All the news from day 4 of the Punchestown Festival – Hurricane Fly at very best

POPULAR WIN FOR BOVARY

 

There was a local victory in the AON NOVICE HANDICAP CHASE when Madam Bovary, owned and bred by former Punchestown chairman Dermot Cox and trained by Jessica Harrington, relished the underfoot conditions to score by five and a half lengths. Despite a 20/1 starting price, the victory did not come as a shock to the winning trainer.

 

“The more it rained this morning, the happier I got,” said Harrington. “She won here in January and I said to Dermot we would come back for this race. Afterwards she fell at Thurles, wouldn’t go left-handed at Naas and then the ground was too quick for her at Fairyhouse – she couldn’t keep up with them. She loved that mud today and was brilliant.

 

“Robbie (Power) got down to 10st 3lb and she had a lovely weight. Being at the right end of the handicap makes a big difference in this ground.

 

“She is out of an old mare that won here for Dermot. It means a lot to him to have owned and bred a winner here.”

 

Cox added: “To have a winner here means everything to me – apart from my wife and family there is nothing that is more important. Thanks to Jessie for persevering with this mare.”

 

Trainer Jim Dreaper believes that Goonyella (13/2), winner of the BREAKFAST WITH HECTOR ON 2FM HANDICAP CHASE, could have a big future after his victory in the colours of Ann and Alan Potts.

 

“He has a great attitude and I think he might win a National one day,” said Dreaper. “He stays all day and will have a holiday now. Chepstow might be a good starting place for him next season. It’s not that he needs heavy ground but it slows the others down.”

 

A day after Big Shu won the Avon Ri Corporate & Leisure Resort Chase for the La Touche Cup, trainer Peter Maher was celebrating again when Johnies Star (14/1) won the opening KFM HUNTERS CHASE FOR THE BISHOPSCOURT STUD,

 

“I didn’t think lightning could strike twice but it has done,” said Maher. “I’m surprised because I fancied my other runner, Enniskillen, more but the ground got him.”

 

HURRICANE FLY AT VERY BEST

 

Hurricane Fly won his fourth consecutive Grade 1 RABOBANK CHAMPION HURDLE in brilliant fashion when coasting home to beat stablemate Thousand Stars by seven lengths. British raider Rock On Ruby, winner of the 2011 Champion Hurdle at Cheltenham, finished third.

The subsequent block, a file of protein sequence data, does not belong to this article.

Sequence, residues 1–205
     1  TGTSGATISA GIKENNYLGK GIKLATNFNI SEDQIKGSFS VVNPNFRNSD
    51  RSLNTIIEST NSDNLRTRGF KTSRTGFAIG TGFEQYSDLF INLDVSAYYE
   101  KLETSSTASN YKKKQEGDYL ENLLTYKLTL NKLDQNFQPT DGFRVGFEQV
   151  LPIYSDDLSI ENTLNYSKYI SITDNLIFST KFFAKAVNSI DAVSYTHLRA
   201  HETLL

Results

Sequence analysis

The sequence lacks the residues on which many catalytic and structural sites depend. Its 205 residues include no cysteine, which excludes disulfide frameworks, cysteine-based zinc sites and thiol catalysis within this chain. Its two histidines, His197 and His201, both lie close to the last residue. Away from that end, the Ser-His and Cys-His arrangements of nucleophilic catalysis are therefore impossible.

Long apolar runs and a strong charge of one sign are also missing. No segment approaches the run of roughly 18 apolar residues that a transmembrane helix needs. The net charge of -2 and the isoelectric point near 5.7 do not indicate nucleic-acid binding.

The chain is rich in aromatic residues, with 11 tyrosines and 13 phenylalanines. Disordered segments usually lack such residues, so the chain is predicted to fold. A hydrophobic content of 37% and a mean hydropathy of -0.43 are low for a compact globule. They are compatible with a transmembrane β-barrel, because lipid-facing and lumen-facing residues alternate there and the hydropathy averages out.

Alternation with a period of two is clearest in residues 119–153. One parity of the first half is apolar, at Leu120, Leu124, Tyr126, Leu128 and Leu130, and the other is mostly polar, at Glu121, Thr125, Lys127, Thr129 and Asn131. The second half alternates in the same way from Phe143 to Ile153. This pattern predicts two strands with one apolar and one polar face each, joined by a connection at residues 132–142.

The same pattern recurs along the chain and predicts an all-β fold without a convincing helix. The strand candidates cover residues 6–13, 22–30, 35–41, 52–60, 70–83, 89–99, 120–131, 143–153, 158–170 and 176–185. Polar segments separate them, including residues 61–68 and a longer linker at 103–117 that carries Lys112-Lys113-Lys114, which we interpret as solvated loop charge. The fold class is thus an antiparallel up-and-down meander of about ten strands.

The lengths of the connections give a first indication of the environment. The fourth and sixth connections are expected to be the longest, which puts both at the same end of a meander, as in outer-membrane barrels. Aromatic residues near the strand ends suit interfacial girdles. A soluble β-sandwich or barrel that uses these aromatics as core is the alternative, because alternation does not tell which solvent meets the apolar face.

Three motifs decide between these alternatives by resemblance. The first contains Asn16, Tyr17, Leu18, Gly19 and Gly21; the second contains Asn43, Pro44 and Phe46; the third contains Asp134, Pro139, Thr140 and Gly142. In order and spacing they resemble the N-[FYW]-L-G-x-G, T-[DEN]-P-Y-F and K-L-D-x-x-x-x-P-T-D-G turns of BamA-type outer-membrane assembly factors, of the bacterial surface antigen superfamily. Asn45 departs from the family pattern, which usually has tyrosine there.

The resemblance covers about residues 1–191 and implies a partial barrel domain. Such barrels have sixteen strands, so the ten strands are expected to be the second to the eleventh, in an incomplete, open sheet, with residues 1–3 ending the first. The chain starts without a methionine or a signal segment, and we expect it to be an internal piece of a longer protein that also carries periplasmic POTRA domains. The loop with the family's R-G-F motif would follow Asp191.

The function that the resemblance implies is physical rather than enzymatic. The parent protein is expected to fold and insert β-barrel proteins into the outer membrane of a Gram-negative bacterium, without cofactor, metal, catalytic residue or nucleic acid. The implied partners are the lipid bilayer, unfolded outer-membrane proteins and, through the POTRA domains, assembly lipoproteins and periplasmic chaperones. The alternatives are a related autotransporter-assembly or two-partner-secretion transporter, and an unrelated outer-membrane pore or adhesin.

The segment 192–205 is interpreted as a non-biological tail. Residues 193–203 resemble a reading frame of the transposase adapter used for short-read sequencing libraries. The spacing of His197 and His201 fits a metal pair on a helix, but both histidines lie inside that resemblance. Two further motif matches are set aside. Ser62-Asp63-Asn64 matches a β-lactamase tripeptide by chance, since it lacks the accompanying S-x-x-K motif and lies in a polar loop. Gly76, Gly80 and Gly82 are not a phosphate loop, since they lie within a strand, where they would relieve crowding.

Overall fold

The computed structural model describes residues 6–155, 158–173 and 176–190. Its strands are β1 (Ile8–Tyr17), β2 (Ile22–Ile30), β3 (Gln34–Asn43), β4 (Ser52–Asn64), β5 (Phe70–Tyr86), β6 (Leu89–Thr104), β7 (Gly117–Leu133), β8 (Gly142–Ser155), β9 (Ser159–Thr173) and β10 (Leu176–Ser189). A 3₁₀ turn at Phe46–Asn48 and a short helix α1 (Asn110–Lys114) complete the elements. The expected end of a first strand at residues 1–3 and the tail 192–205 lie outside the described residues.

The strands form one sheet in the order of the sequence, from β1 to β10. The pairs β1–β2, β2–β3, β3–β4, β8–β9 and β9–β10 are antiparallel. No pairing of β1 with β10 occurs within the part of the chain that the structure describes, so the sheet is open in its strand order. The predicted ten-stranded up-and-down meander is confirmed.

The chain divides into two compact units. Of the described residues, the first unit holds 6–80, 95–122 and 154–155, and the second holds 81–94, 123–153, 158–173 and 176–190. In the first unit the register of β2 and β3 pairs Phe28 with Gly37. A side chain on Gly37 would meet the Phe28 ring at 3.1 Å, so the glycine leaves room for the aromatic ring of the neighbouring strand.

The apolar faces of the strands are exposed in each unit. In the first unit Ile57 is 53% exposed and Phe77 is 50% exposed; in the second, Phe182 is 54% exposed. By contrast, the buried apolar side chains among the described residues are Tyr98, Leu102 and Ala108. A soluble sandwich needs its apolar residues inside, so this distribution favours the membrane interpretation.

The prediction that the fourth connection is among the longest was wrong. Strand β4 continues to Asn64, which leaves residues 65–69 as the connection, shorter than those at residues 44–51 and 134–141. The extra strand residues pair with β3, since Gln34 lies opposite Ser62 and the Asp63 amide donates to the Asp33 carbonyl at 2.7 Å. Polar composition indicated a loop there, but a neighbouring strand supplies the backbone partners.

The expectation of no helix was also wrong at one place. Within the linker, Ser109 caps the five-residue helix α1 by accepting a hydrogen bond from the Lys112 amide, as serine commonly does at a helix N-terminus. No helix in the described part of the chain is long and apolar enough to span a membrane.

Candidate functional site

“Hurricane Fly has proved himself again today. He did it nicely and everything went according to plan. Rock On Ruby tried to settle it with a manoeuvre coming around the final bend but Ruby was just cool and calm on our fellow,” said trainer Willie Mullins.

 

“He can handle any going conditions. Last Saturday, he and Quevega worked and they blew me away. The work was as good as I’d ever seen and we have just kept our fingers crossed all week that it was as good as it looked.

 

“Thousand Stars made the running then Rock On Ruby tried to make the decisive move on the home turn but Ruby waited to take advantage in the home straight.

 

“Hurricane Fly hasn’t many miles on the clock and we will just mind him for next season. You are always scared of younger horses coming through. They can improve by a few pounds or even a stone whereas our fellow isn’t going to improve any more.”

 

Ruby Walsh added: “Today he was in some nick and the English have never seen him at his best at Cheltenham. He’s just an incredible horse – so professional and so accurate. He won ugly at Cheltenham but his win was classy today.

 

“I could have stayed behind your man (Rock On Ruby) and won by a length on the bridle if I’d wanted. But he came alive turning in and got a great reception from the crowd, but it was what he deserved.”

A fantastic week for Mullins continued when Un Atout battled hard to pass the Gary Moore-trained Ubak to capture the Grade 1 TATTERSALLS IRELAND CHAMPION NOVICE HURDLE under Davy Russell.

 

“He’s a three-parts brother to Sir Des Champs and tough is their middle name,” said Mullins. “I was surprised the others didn’t make the running but I wasn’t worried because he does some of his best work from the front at home.

 

“His feet are not the best and he missed a couple of days with a stone bruise and I was worried that might affect him.

 

“I loved the way he came back at them and my French connections tell me he could be better than Sir Des Champs one day. He’s going to be a staying novice chaser rather than a two-miler next season.

 

“Davy was very, very good. We hadn’t discussed that he might have to make the running but he’s about to become a twice-champion so I don’t need to give instructions.”

 

Today’s attendance was 26.360, compared to 27,219 on the same day 12 months ago.

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